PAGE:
Henry Hall, the popular bandleader and radio/television presenter, was born at Peckham, South London, in 1898. His family attended the Salvation Army Corps at Nunhead and Henry was encouraged to play the cornet and also received piano lessons. On leaving school he obtained a position in the Army's Music Editorial Department as an assistant working alongside Major Fred Hawkes and Major Arthur Goldsmith. It was here that his abilities as a composer and arranger were first recognised and encouraged with several of his compositions, including the marches Holly, Nunhead and Our Conquering Army, being published in the Band Journal.
In 1916 he was recruited into the Royal Field Artillery where his musical abilities only became noticed after he was arrested for playing the piano in the officers mess and the subsequent grilling by the Captain led to his being transferred to the Cadet School. Here he was able to play the piano to his hearts content, become a member of the band and write arrangements for revues. On demobilisation Henry returned to the Music Editorial Dept only to find that his position had been taken by a new junior, Eric Ball. Undeterred he sought out a career in music, working as a cinema pianist and playing in a variety of ensembles to finance his studies at the Guildhall School of Music.
In 1922 Henry Hall moved to Manchester having obtained a position as relief pianist in a dance band. He quickly gained an understanding of the popular dance rhythms and was soon leader of the Trafford Band at the Midland Hotel, one of the L.M.S. Railways' chain of hotels. At this time the Gleneagles Hotel in Scotland was being built and Henry, who was involved in buying pianos for the new hotel and planning for the dance band entertainment had a real brainwave, he thought that a radio broadcast would be a good way to advertise the hotel. The Gleneagles opening night and the first outside broadcast ever in Scotland took place on June 4th 1924. With only one microphone the broadcast must have sounded very primitive but the management were delighted and more followed. At the end of the season the seven man Gleneagles band moved to the Adelphi Hotel, Liverpool and it was here that Henry was offered a recording contract by Columbia. Despite the recordings being made in Manchester and Liverpool the band was known as "The Gleneagles Dance Band".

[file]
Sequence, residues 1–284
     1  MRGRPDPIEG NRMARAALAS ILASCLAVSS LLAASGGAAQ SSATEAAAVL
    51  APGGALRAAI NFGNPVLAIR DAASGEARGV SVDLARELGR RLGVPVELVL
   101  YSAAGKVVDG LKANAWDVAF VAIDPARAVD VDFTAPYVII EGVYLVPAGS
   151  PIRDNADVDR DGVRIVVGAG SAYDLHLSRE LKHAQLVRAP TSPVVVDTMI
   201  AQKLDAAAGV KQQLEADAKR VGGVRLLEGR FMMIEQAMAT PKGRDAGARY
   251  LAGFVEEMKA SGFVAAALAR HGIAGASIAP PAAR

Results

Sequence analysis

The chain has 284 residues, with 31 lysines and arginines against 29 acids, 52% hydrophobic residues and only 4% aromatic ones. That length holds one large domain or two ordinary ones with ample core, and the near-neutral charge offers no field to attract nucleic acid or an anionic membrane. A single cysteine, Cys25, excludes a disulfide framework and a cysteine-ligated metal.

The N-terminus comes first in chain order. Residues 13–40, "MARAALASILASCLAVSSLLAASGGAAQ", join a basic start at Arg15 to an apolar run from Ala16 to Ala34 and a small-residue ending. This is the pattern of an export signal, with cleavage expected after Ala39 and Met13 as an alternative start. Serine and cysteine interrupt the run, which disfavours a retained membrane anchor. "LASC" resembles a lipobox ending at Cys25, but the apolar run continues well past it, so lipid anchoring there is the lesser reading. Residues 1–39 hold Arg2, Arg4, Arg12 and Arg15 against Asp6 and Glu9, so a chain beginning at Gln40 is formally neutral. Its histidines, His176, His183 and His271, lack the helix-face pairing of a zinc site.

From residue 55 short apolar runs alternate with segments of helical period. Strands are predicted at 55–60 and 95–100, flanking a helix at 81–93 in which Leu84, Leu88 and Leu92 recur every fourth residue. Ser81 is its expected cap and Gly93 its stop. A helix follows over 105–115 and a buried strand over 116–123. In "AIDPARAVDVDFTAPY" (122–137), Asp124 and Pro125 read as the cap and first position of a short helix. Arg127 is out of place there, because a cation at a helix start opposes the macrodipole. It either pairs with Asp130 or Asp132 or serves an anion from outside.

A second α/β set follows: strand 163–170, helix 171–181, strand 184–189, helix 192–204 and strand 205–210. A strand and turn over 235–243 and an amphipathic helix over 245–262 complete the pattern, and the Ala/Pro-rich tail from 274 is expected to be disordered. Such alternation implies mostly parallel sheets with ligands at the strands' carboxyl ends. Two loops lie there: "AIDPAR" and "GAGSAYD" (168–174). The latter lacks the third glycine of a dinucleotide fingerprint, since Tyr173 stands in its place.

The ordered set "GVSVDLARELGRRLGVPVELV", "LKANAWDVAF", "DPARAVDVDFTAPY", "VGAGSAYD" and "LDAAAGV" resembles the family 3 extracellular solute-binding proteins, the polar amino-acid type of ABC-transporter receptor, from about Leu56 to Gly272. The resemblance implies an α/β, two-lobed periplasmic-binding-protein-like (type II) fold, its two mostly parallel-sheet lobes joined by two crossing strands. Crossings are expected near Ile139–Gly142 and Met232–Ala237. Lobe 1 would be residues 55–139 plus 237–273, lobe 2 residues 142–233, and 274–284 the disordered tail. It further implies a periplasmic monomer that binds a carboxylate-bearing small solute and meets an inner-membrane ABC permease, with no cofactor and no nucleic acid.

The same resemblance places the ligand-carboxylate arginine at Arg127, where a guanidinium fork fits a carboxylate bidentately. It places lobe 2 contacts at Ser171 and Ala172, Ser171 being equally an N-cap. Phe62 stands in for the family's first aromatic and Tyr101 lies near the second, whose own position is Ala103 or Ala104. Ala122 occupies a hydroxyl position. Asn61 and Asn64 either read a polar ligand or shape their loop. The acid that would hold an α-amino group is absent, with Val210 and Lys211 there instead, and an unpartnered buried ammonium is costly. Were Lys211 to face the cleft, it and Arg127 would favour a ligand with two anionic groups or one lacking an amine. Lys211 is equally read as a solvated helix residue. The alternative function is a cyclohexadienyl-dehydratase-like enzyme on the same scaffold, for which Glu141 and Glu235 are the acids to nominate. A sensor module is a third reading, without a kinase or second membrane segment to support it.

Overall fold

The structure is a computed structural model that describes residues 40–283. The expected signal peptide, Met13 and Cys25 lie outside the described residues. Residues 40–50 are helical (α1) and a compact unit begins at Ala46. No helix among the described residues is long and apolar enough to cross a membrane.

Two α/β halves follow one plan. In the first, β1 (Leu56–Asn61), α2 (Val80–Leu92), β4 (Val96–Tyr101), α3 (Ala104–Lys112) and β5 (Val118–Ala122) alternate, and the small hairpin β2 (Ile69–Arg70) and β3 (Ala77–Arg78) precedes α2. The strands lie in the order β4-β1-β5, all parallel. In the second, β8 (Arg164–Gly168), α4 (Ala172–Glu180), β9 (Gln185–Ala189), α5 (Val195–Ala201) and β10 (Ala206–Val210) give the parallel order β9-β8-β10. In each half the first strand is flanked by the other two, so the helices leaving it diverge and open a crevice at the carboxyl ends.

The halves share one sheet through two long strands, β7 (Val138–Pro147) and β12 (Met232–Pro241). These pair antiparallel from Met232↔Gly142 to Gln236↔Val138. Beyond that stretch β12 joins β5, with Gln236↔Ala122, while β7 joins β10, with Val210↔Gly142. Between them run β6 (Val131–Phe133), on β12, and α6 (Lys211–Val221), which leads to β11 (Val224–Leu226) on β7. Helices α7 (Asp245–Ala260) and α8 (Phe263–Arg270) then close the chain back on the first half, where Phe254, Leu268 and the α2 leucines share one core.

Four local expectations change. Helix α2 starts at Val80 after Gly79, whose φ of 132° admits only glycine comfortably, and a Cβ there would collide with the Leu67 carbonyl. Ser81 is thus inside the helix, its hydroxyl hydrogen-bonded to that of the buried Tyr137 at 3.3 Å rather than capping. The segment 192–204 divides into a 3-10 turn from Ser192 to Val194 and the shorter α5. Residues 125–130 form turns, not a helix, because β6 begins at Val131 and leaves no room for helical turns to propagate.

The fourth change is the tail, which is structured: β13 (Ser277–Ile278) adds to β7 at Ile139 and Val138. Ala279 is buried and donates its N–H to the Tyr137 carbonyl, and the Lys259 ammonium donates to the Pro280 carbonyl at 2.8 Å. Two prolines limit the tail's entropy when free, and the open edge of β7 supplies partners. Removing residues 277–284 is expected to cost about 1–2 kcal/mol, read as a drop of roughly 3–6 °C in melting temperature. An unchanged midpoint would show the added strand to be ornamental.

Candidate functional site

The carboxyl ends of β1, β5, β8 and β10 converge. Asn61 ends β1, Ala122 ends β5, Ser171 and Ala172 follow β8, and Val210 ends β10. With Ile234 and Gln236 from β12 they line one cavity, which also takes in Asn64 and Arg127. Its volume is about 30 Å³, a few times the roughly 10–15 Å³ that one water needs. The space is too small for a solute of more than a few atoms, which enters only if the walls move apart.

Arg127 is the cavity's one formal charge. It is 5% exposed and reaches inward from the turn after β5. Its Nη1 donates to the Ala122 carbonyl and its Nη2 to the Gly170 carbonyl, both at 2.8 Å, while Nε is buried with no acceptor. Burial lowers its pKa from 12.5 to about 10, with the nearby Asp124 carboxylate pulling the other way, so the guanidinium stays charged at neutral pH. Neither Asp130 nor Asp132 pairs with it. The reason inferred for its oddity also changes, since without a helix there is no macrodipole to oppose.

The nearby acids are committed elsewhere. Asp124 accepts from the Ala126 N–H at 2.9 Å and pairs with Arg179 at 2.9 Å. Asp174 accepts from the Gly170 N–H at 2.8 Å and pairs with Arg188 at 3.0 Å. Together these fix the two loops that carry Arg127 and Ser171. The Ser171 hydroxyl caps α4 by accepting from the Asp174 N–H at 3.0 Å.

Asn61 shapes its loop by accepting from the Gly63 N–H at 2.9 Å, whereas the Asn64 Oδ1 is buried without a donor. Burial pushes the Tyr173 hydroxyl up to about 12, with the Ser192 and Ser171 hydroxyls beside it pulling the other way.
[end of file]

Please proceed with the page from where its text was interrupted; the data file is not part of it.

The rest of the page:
By 1932 Henry was running 32 bands in the L.M.S. organisation, but it was still something of a surprise when he was invited to lead the BBC Dance Orchestra as many better known bandleaders had seemingly been overlooked. The first broadcast by the new combination in March 1932 received a mixed response from listeners and Henry's Salvation Army background didn't help the opinion of some critics, however things soon settled down and the band established itself in the five-fifteen slot. "This IS Henry Hall speaking" became an institution, with very high musical standards and a fair amount of jazz interspersed with the more traditional type arrangements. The theme, Five-Fifteen, was based on the notes B-B-C whilst the closing refrain Here's to the Next Time, was an adaptation of the trio section from one of Hall's Salvation Army marches Sunshine. Aware that children would be listening. Henry Hall programmed material such as Here comes the Bogey Man and The Teddy Bears' Picnic, but the arrangements and the playing were always good enough to keep the parents happy too.
Such was the popularity of the Dance Orchestra that in 1934 the BBC launched Henry Hall's Guest Night, credited by some as the first chat show, which ran for almost 1000 editions. The Radio Times never published who would be on the show, it was always a surprise. Guest included Flanagan and Allen, and Tommy Handley. 1936 saw Henry Hall being invited by Cunard to form and conduct a band for the maiden voyage of The Queen Mary, broadcasts were made from the ship and onboard guests included the harmonica player Larry Adler. The following year, 1937, Henry reached agreement with Sir John Reith whereby the BBC Dance Orchestra would be disbanded and not replaced, he (Henry Hall) would be given the entire music library and for the last six weeks of their contract the band would be referred to as Henry Hall and his Orchestra. Under this name the band continued to record and toured throughout Great Britain and Europe until it's last performance in 1947.
Henry Hall moved into theatrical management, producing several hit West End shows and also summer spectaculars at Bournemouth and Blackpool. He retired to Eastbourne in 1970, shortly after being awarded the CBE in recognition of his services to music. During retirement he maintained a “loose” Salvation Army connection through family members who served as officers and soldiers.